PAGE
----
Support for Schumacher

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Author: Will Gray
Date: May 15, 2002
Publisher: Telegraph Group Ltd.
Document Type: Brief article
Length: 398 words

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RALF SCHUMACHER yesterday lent his support to his elder brother, Michael, following the controversial Austrian Grand Prix race result.

After the race, which Michael Schumacher won after Ferrari ordered race leader and team-mate Rubens Barrichello to let him pass, German fans were seen burning Ferrari flags around the hillside in protest and the country's newspaper headlines asked: "Did Schumacher really have to do that?"

Ralf Schumacher has called for an end to the barracking because he claims his brother, who now has double the points of closest championship rival Juan Pablo Montoya, had no say in the move.

"They should all just quickly shut up," Schumacher said. "Ferrari have got the best driver in the world, the only one who can become world champion, so that's why they support him."

Williams-BMW driver Ralf also criticised the British public's response to the race and claimed there has always been an "anti-Schumacher" agenda among much of the country's media.

His brother Michael snatched the world championship from Briton Damon Hill in 1994 when he controversially punted the Williams driver out of the final race of the season in Australia.

"Our family is not liked [in England]," the younger Schumacher said. "There is something about English media, at least some of them. They don't like the Schumachers. I don't know why. For me, whatever team-mate I have had, in the British press he was always the one who was going to bring Williams to the top."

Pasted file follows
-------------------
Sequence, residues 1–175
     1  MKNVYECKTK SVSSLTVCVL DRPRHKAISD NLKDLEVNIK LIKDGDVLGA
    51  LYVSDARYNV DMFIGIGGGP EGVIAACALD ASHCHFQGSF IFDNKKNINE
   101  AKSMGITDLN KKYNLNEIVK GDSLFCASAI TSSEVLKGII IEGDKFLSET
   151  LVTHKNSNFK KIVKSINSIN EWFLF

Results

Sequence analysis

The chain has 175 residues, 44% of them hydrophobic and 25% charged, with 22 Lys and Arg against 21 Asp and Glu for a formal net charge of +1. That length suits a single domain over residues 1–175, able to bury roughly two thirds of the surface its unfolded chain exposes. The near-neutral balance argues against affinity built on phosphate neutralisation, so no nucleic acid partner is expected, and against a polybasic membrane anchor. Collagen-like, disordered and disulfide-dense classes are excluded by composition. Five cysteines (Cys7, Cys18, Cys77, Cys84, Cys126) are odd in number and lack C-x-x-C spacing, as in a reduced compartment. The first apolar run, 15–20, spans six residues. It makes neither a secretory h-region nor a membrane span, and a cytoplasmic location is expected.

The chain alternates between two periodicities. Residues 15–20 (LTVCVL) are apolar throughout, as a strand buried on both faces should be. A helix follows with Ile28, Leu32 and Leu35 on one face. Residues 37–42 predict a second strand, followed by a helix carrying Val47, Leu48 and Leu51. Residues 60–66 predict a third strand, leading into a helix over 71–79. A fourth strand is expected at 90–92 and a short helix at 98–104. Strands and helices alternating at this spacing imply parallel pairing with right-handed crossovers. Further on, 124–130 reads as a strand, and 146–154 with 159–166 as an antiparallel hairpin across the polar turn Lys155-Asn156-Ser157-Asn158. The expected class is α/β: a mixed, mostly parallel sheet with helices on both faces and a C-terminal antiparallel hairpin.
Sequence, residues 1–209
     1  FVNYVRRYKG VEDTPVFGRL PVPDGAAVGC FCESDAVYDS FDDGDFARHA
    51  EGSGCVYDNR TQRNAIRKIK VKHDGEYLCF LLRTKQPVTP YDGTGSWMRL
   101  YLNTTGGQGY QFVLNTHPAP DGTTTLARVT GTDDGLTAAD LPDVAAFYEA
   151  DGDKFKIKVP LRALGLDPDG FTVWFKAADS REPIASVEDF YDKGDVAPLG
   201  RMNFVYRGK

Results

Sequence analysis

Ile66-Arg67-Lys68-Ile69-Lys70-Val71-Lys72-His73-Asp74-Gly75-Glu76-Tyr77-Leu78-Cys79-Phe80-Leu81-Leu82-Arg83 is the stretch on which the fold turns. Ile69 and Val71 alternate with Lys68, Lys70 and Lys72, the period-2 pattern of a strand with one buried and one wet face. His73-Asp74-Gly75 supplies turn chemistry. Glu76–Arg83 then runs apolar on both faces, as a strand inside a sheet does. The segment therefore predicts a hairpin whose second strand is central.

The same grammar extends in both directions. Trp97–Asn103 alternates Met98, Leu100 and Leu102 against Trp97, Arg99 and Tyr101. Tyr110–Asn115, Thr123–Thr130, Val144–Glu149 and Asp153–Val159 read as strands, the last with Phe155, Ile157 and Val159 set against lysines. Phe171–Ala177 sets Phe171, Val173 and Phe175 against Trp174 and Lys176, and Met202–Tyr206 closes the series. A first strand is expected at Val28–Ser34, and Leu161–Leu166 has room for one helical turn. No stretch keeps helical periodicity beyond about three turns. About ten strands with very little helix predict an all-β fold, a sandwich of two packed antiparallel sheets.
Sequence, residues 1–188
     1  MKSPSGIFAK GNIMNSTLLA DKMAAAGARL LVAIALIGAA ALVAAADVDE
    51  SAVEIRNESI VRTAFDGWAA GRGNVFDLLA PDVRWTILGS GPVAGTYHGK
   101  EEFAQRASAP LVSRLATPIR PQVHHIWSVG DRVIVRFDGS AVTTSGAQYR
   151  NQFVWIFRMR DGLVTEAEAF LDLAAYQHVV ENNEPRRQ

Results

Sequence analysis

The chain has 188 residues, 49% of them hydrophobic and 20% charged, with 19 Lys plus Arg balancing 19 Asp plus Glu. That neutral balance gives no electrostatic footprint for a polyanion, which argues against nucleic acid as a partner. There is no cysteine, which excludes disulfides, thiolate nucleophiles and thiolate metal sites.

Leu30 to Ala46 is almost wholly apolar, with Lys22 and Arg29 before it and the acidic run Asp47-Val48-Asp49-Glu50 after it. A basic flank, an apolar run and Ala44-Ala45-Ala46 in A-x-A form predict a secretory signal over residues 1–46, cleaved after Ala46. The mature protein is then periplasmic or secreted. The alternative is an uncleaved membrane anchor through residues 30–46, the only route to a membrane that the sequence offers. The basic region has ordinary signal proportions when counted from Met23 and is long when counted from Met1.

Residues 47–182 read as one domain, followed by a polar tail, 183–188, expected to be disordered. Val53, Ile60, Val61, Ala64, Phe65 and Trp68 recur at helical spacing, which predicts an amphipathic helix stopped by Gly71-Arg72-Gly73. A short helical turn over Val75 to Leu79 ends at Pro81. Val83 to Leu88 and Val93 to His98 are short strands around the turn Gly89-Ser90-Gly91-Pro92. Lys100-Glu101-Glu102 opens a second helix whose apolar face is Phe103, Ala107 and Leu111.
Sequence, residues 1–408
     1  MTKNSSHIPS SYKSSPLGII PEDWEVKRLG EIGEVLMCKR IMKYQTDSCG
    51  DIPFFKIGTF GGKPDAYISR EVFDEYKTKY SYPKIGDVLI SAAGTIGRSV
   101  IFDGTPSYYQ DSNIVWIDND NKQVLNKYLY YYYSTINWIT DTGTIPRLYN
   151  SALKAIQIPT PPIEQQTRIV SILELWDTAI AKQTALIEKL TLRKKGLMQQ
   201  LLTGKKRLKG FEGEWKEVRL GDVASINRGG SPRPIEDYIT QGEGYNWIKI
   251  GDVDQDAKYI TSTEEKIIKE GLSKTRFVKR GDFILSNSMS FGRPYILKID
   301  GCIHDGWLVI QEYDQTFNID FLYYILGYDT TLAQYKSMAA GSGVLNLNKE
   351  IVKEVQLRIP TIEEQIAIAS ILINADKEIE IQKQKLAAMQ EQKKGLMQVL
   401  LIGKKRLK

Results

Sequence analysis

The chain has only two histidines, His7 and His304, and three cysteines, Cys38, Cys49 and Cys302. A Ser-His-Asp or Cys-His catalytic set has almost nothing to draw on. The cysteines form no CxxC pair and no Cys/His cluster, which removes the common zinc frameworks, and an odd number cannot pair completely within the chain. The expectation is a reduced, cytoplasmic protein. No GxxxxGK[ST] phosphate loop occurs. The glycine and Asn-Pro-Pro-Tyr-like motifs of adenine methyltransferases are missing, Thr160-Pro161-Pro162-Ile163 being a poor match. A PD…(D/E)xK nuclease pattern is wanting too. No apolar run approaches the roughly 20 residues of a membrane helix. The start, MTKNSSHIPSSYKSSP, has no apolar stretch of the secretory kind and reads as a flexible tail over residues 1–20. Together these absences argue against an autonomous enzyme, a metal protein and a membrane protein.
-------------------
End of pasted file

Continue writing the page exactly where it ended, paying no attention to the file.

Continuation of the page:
Schumacher senior admitted, when reflecting on the Austrian race, that he always thought his first win at the A1 Ring "would be quite different", but he may still have it taken away when he joins Barrichello and the Ferrari team in front of the World Motor Sports Council on June 26, to explain their actions.

Ferrari president Luca di Montezemolo insists he is not worried by the investigation, however, and declared that team tactics are "to be expected" in Formula One.

"We respect 100 per cent the role of the FIA," he insisted in the Italian media. "After what happened they have asked for a clarification and we will provide it."

Ralf Schumacher, however, claimed his brother's actions on the podium, when he pushed team-mate Barrichello onto the winner's step at the presentation at the end of the race, may have been "a bit too much", and admitted there may be a punishment to come.

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Gale Document Number: GALE|A85940422